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Sales Management

Great Meetings that Go Nowhere

Jay Spielvogel

Do your sales reps ever tell you the following story?

They meet with a mid-level manager who is extremely interested in engaging your company to fix an issue.  This person willingly shares information regarding their perception of the challenges the company is facing and how personally committed they are to implement a solution.  The meeting ends with an agreement that your sales rep will send a proposal for the contact to run past their boss with an expectation that it will be a “rubber stamp” approval.  The action item is for your rep to follow-up in roughly two weeks, at which point they should have the approval to move forward. 

Unfortunately, after two weeks the prospect tells your rep they have not had a chance to speak with their boss, but they expect to have the opportunity to sit down and have the discussion within the next few days.  Days turn into months, which inevitably turn into an endless cycle of following up, ultimately getting nowhere.

Sound familiar? The issue here is that the prospect who wanted to believe they would get the approval overestimated their own influence. Compounding the issue is that your sales rep was a willing participant who wanted to believe this as well.  Unfortunately, this sales scenario seems to be the most common reason so many forecasted deals are clogging up sales pipelines with phrases like “contact went dark” as the explanation for the lack of closure. 

So how do we address this problem?

1. The first step in providing a sales team with a more critical filtering process begins by comparing experiences. On one hand, you could have an “influencer” who is capable of driving decisions up the corporate ladder, engaging key decision endorsers early on and methodically influencing a go-forward decision, while a more “non-influential” stakeholder downplays their manager’s involvement and mistakes the approval to research solutions with spending power. The greatest concern is their inability to define their manager’s vision, goals and potential objections. This becomes apparent when they plan to present the features and benefits that your company offers as justification for the cost, rather than focusing on the total cost of the issues and the return on investment.

2.The next step is to incorporate a filtering system, otherwise known as opportunity validation rules, into the company CRM (i.e., Oracle, Hubspot, Microsoft CRM, etc.), ultimately impacting the sales rep’s mindset. Validation rules automatically verify that the opportunity stage and closing percentage entered into the CRM meets the standards you specify before the user can save the record and it bans non-compliant projections from being saved.  It also gives a rep pause before indiscriminately sending a proposal to an advocate stakeholder.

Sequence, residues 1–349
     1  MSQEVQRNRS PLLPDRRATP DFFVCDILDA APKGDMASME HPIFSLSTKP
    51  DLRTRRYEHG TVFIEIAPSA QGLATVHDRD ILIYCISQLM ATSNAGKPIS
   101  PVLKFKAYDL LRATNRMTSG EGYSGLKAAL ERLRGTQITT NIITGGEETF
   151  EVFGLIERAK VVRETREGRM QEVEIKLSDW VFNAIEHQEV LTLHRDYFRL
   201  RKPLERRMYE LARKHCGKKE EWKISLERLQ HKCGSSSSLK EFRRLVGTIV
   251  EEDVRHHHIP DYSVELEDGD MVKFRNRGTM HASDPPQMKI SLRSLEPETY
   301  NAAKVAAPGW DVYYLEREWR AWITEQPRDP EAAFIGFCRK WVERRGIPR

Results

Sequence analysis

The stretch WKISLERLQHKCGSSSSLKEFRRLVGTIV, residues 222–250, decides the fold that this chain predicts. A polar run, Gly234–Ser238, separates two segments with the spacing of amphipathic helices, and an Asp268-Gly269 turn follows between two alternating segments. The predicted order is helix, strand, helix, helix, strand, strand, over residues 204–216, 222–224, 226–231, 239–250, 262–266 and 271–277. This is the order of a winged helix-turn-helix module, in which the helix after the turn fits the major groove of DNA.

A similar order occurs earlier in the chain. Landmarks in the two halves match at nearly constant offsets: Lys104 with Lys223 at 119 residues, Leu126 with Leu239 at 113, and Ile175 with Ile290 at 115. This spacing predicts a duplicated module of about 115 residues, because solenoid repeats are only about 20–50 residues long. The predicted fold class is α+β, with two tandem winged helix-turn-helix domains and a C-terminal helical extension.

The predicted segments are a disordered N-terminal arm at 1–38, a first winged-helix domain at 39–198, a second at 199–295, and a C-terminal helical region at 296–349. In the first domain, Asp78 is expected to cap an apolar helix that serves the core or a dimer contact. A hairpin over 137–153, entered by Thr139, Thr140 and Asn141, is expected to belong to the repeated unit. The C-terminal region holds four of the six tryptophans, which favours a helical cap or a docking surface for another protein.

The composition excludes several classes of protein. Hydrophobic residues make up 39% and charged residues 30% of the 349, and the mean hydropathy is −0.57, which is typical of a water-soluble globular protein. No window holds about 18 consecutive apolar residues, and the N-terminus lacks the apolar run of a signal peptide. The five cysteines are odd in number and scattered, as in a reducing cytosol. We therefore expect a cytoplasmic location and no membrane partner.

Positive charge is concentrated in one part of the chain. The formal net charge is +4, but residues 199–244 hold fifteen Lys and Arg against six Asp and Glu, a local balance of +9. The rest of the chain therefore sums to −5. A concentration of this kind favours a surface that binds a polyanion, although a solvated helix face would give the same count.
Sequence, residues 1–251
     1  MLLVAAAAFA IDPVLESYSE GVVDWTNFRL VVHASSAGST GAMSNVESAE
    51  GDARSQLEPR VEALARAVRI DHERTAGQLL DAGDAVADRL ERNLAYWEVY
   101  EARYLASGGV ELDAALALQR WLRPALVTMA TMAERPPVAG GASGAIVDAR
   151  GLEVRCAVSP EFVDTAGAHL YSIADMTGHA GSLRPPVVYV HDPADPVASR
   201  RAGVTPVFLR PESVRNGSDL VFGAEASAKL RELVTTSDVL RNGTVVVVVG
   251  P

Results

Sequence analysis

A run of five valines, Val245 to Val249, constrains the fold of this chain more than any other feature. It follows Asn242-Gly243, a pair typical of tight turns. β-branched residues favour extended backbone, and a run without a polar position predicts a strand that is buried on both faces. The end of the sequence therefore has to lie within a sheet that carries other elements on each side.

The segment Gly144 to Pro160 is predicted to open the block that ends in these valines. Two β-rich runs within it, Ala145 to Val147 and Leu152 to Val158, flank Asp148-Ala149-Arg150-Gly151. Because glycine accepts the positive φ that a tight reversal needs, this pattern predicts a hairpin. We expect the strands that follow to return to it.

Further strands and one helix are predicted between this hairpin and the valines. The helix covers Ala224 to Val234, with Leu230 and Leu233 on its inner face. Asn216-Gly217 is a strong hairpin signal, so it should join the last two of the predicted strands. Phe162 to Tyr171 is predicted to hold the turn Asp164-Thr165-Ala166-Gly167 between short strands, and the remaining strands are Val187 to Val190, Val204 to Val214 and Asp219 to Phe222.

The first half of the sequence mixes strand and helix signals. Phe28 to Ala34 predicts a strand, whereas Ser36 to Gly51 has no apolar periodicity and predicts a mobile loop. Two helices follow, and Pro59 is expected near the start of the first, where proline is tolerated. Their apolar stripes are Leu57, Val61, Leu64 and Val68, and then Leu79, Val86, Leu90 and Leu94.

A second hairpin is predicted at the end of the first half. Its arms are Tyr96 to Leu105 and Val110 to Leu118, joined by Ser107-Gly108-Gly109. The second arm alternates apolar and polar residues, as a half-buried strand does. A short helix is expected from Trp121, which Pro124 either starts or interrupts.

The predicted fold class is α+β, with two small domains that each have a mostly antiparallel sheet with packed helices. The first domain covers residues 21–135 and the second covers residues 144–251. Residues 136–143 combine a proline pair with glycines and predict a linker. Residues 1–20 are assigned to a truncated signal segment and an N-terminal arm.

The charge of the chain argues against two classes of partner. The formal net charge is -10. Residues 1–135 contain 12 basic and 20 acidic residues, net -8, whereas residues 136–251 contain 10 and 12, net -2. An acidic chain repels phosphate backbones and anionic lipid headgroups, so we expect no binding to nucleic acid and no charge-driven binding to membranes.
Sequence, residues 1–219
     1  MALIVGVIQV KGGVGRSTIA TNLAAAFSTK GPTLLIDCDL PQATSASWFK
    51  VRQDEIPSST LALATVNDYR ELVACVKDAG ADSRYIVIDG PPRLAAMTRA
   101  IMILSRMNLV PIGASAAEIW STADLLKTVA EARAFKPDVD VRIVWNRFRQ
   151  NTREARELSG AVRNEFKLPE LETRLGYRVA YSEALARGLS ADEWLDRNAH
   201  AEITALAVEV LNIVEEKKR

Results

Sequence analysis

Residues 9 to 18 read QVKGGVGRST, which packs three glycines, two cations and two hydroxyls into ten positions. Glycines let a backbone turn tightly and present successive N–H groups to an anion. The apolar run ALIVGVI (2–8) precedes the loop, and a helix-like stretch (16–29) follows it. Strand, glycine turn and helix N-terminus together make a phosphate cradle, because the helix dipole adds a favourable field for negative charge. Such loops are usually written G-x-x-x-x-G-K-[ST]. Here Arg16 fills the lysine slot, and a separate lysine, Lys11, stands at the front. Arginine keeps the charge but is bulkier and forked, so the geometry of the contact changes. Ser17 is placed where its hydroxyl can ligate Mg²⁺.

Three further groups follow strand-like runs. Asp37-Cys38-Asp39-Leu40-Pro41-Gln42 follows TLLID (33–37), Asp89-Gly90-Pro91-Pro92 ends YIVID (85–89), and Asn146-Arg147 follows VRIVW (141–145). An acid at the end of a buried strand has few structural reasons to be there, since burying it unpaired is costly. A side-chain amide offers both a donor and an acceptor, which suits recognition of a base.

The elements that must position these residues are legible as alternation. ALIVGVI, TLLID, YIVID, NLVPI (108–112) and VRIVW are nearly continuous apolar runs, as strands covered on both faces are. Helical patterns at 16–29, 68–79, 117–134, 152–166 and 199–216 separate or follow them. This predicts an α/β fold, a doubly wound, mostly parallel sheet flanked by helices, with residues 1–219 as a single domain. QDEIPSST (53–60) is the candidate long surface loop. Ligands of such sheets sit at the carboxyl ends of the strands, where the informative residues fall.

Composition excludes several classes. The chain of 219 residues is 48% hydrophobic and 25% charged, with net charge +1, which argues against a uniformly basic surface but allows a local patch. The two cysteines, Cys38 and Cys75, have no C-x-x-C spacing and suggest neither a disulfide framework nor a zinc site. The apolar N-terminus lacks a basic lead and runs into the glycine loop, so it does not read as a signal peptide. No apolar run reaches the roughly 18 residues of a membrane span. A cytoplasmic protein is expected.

An example of a milestone opportunity stage we use at Venator is called Collaborative Prospect, which is assigned to an opportunity with a 35% chance of closure. This is a stage where a rep is closely collaborating with a prospect, ensuring they are an influencer within their organization. The filters below act as a picklist within the company CRM where a rep is asked to review and choose one or more when updating an opportunity in the Collaborative Prospect Stage.

  • Contact spoke with their manager about us and began paving way for an intro
  • Main contact has experience influencing manager to spend money or make changes
  • Influencer can clearly define their manager’s issues, concerns and vision
  • Internal champion can articulate their manager’s possible objections
  • Contact is focused on aligning our solution to their manager’s key drivers
  • Contact can set up an immediate introduction to their manager

3. The final step is for sales management to integrate the process by utilizing a set of critical questions when deal-coaching their reps. These questions are meant to interrogate reality when a rep is ready to send a proposal to a so-called “influencer.” Interrogating reality simply means questioning what is perceived to be the ‘reality’ at hand. These questions can include:

  • What is the relationship between the different stakeholders?
  • How much consensus is there regarding the issue? Explain.
  • What concerns have the other stakeholders expressed?
  • Has your contact had discussions with their manager about the fact that they are looking at us?  Tell me about those discussions…
  • What are other priorities that could interfere with this initiative?
  • If there was a possible stumbling block that management may present, what is it?

It’s been said that the first step to fixing an issue is to admit that you have one.  In this case, the first step for a sales person is to become extremely critical of their internal champion’s power and influence.  It is just as important for sales management to implement a sales coaching process that reveals these situations, rather than allowing the sales people to clog up the pipeline with non-closeable “forecasted” business. 

Realistically, how many GREAT meetings are your salespeople having with prospects that want your solution, but won’t be able to influence the other decision makers to spend the money? Maybe it’s time to interrogate “reality.

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Sales Management